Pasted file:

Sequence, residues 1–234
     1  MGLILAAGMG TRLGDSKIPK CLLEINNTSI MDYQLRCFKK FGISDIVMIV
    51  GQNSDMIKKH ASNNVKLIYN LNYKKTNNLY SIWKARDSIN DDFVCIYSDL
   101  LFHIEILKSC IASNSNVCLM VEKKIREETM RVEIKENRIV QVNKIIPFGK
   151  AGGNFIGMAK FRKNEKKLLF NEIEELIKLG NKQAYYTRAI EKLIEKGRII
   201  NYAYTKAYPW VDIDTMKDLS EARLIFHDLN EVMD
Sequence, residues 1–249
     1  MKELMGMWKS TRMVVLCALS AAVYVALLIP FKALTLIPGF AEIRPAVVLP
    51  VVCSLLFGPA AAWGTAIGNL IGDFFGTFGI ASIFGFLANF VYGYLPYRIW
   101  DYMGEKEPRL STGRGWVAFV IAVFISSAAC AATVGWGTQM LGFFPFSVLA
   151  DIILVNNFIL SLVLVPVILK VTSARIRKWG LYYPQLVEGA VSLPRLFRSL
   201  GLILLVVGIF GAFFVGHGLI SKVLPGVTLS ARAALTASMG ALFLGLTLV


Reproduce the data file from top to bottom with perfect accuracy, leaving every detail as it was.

Sequence, residues 1–234
     1  MGLILAAGMG TRLGDSKIPK CLLEINNTSI MDYQLRCFKK FGISDIVMIV
    51  GQNSDMIKKH ASNNVKLIYN LNYKKTNNLY SIWKARDSIN DDFVCIYSDL
   101  LFHIEILKSC IASNSNVCLM VEKKIREETM RVEIKENRIV QVNKIIPFGK
   151  AGGNFIGMAK FRKNEKKLLF NEIEELIKLG NKQAYYTRAI EKLIEKGRII
   201  NYAYTKAYPW VDIDTMKDLS EARLIFHDLN EVMD
Sequence, residues 1–249
     1  MKELMGMWKS TRMVVLCALS AAVYVALLIP FKALTLIPGF AEIRPAVVLP
    51  VVCSLLFGPA AAWGTAIGNL IGDFFGTFGI ASIFGFLANF VYGYLPYRIW
   101  DYMGEKEPRL STGRGWVAFV IAVFISSAAC AATVGWGTQM LGFFPFSVLA
   151  DIILVNNFIL SLVLVPVILK VTSARIRKWG LYYPQLVEGA VSLPRLFRSL
   201  GLILLVVGIF GAFFVGHGLI SKVLPGVTLS ARAALTASMG ALFLGLTLV